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Etan Bard, 13, watches as teacher Romy Kerstetter uses a model to show how the rockets attached to the Apollo missions propelled astronauts into space.
Etan Bard, 13, watches as teacher Romy Kerstetter uses a model to show how the rockets attached to the Apollo missions propelled astronauts into space. (Teri Weaver / S&S)
Etan Bard, 13, watches as teacher Romy Kerstetter uses a model to show how the rockets attached to the Apollo missions propelled astronauts into space.
Etan Bard, 13, watches as teacher Romy Kerstetter uses a model to show how the rockets attached to the Apollo missions propelled astronauts into space. (Teri Weaver / S&S)
Eighth-graders at Seoul American Middle School look at samples of moon rocks on Friday.
Eighth-graders at Seoul American Middle School look at samples of moon rocks on Friday. (Teri Weaver / S&S)

YONGSAN GARRISON, South Korea — Size matters, according to Mr. Honeycutt’s eighth-grade science class.

On Friday, these students at Seoul American Middle School were steadfastly blase when it came to looking at thumbprint-sized samples of moon rocks that date back more than 4 billion years.

But a picture of the 200-foot-tall rockets needed to slingshot astronauts into space four decades ago drew unintended gasps from the teenagers.

“Whoa,” the students whispered before quickly passing the rocks around the room.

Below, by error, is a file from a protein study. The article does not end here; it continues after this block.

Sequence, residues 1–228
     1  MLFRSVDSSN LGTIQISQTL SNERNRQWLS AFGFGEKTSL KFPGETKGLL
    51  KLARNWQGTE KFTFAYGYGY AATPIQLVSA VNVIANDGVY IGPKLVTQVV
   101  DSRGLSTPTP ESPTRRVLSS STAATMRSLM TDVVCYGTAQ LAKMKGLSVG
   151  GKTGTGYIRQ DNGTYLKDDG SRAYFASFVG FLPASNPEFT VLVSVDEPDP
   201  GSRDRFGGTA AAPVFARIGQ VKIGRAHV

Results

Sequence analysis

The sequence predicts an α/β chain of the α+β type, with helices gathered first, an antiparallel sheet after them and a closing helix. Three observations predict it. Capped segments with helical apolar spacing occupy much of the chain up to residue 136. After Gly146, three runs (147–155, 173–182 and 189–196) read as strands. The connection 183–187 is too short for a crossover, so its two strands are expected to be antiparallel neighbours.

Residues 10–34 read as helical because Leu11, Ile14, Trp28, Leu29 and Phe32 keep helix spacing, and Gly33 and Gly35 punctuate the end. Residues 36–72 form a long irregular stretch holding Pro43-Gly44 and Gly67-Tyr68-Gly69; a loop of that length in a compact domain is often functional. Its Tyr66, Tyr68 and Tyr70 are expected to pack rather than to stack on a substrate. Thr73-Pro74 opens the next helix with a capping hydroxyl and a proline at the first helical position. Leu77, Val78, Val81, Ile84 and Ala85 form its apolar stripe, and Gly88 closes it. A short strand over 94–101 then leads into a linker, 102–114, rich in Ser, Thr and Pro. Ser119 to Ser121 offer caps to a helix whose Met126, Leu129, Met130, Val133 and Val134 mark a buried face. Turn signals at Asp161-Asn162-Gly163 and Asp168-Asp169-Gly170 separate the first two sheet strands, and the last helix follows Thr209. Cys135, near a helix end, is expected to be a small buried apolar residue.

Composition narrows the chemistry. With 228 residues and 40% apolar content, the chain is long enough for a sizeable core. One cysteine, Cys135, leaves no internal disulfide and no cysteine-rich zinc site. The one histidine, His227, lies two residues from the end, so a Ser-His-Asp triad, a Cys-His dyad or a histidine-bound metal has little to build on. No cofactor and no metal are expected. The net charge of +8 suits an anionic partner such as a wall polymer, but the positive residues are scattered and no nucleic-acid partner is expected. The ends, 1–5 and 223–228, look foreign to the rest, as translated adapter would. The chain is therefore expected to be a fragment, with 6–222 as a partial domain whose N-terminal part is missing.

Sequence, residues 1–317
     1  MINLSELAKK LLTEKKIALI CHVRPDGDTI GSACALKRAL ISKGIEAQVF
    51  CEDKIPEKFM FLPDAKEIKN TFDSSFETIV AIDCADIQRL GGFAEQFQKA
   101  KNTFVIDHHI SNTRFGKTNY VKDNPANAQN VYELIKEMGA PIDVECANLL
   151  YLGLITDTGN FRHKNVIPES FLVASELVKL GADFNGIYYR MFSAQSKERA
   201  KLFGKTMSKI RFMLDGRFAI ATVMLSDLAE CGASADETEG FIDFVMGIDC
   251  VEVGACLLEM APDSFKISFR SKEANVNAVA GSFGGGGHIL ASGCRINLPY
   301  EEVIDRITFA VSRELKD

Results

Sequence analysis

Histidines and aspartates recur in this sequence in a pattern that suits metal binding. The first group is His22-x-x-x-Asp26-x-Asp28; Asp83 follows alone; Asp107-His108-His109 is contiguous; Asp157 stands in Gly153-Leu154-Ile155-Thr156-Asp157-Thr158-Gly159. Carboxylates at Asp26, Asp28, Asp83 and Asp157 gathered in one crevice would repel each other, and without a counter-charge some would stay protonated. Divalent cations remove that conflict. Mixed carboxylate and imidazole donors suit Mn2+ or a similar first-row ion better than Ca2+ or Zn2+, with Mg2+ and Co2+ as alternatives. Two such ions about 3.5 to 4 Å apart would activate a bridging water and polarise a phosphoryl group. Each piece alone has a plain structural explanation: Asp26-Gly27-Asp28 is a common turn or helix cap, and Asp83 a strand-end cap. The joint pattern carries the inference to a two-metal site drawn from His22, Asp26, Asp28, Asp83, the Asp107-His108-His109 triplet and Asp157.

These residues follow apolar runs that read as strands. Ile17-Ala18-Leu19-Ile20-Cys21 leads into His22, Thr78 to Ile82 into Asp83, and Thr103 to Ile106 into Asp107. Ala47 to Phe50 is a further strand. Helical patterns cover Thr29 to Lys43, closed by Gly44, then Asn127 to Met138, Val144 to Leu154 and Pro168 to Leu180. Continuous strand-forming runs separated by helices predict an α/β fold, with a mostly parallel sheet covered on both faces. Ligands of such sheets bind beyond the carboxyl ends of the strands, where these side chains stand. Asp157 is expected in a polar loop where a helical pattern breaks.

The school’s librarian, Romy Kerstetter, gave the presentation to Sonny Honeycutt’s class, one of several lectures she gave about the moon rocks on Yongsan this week.

About five years ago, Kerstetter attended a two-week NASA seminar and received certification to borrow portions of the 800 or so pounds of moon rocks that astronauts have brought to Earth.

A few weeks ago, she requested that samples be sent to the Department of Defense Dependents Schools. She shared them with middle school classes last week and plans to show them off to elementary students after Columbus Day.

Before bringing out the samples Friday, Kerstetter gave a slide show about the moon and NASA’s six successful landings there. The last time Americans landed there was 1972, she said. But the footprints that they and their predecessors left should be there for millions of years.

“There’s no wind on the moon,” Kerstetter said. “There’s nothing to cause erosion.”

The rock and soil samples actually are no bigger than a thumbprint. They are enclosed in a plastic disc, labeled as breccia (the results of meteor impacts), basalt (lava) and anorthosite (rock that is more than 4 billion years old). Kerstetter passed them around with a magnifying glass.

“These are actual, national treasures,” she said.

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